The results are pretty much what I expected. Laptop1 with its huge weight and large chassis for cooling fans can run a full fat processor and pretty much kicks the others in raw performance. Laptop2 and the Surface 3 are almost identical performance wise apart from Laptop2 has a very expensive high end SD which was bought separately in it so scores well exceptionally well on disk. Neither of the two other laptops have a touch screen. So from a performance perspective – a lot would depend on whether you need the raw performance of Laptop1 – the only thing I can think of which you would really need this for as a tester would be password cracking where you are on site. For me – the light weight and touch screen of the Surface win out over the other two every time – particularly as I am largely an application tester. For interest (because it isn’t a fair comparison) the Surface Pro 2 scored 1500 on the same test, and the Tablet scored 400 – it is to its credit that it managed to run the software at all. Here are the results in graphical form.
A few other features I like about the Pro 3 compared to its predecessors.
a) It is much thinner and more elegant than the Pro 1 and Pro 2 and has lost their slightly clunky feel.
b) The power cord fits into the machine easily without having to fiddle about with it. The fact that it isn’t backwardly compatible with the other two is a small price to pay for this because it was definitely a weakness of the original design.
c) The built in trackpad on the keyboard is about 1000% better – actually a pleasure to use.
d) There is a mechanism to lock the keyboard into place by snapping it up towards the screen. This makes the unit a great deal more stable for using it on your knees – and much more like a laptop with a fully rigid keyboard when used in this mode.
One small negative comment – more aimed at MS than the machine itself. My pen is not working correctly (which is why I have not reviewed it). I’m pretty much sure this is because the two coin batteries in the top of the pen need replaced as this is mentioned as the probable cause in the manual and meets with all the symptoms. It would be nice if someone had thought about including a couple of replacements with the pen because this type of very small coin battery is not the sort of thing everyone has in their house, and it is a bit frustrating not to be able to try it out – particularly when you live right out in the wilds like we do. So I will need to order some batteries and review the pen when I get them.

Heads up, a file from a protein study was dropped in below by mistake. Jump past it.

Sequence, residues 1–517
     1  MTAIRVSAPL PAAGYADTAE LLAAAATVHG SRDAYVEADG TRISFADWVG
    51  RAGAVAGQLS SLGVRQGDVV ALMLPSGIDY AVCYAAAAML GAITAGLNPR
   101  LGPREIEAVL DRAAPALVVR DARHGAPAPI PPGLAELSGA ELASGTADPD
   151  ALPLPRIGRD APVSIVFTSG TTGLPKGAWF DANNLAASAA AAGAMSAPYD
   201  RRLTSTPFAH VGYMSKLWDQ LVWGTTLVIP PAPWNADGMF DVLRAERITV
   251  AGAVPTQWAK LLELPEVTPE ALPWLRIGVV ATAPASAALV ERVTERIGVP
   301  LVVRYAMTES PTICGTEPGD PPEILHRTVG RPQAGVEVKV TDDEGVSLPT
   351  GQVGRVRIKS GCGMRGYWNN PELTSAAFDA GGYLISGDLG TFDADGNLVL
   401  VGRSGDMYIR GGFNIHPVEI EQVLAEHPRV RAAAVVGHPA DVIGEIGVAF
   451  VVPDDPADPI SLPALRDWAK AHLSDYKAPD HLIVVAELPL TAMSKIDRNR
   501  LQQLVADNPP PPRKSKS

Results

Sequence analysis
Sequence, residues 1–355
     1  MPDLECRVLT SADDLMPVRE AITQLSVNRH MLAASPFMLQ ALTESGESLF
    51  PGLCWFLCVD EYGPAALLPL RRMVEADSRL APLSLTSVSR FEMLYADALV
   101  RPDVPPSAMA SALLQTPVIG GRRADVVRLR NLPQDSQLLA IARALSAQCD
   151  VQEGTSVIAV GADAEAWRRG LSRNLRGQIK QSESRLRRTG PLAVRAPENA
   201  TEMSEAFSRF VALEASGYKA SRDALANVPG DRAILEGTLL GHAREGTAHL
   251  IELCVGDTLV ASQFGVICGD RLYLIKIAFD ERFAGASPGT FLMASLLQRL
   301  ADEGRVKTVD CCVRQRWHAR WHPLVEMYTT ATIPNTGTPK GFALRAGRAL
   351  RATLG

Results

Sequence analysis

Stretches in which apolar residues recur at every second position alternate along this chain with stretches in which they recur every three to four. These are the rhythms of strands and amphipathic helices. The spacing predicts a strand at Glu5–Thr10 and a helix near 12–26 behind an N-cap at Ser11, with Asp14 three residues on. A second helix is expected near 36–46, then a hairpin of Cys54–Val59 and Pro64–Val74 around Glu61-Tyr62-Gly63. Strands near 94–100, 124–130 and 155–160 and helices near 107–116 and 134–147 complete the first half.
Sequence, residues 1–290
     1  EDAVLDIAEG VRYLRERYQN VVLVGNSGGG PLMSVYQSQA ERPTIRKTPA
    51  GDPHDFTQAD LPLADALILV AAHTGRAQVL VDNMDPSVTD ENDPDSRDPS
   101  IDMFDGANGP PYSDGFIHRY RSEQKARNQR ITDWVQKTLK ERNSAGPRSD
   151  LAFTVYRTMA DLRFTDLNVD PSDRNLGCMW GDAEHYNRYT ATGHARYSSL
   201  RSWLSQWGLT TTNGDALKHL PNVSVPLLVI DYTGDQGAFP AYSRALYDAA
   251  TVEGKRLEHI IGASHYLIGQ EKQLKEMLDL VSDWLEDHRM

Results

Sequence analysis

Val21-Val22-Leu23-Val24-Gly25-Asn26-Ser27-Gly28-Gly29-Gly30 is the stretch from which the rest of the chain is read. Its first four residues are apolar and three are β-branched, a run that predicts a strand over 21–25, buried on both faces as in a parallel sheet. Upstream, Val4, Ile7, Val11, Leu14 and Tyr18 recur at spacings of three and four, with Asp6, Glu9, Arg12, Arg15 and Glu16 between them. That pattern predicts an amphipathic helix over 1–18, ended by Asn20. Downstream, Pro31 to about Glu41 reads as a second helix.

So in general, this seems to be a lovely machine. I’ve bought four Surfaces in total (so far). The original Surface RT was fine as a tablet (I still use it) but didn’t run proper Windows programs so not that much use for testing. The original Pro didn’t have a great battery life. The Pro 2 was getting there but was a bit clunky and the screen size and keyboard had distinct limitations which meant it was fine as a tablet, but a bit awkward as a laptop when taken out on site as the only machine you would be using for weeks at a time (I actually did this recently when I had an on site engagement for two weeks – and it did start to become a bit of a strain to the eyes and fingers after a while). At the moment the Pro 3 seems to me to press all the buttons as a tablet/laptop/desktop replacement that a tester could use. It combines the ability to run all the testing tools you need, heavyweight IDEs like Visual Studio, and MS office for those all important reports. It is lightweight, stylish and a pleasure to use.
Of course because I now have a super stylish machine with a silver chassis and a bright red keyboard which matches my Lumia 1020, I have come in for a whole load of flak from my partner about preferring style over substance. But I can cope with this – I wouldn’t go back to having the kind of boring PC laptop with a bad display which was about the only thing available a few years ago.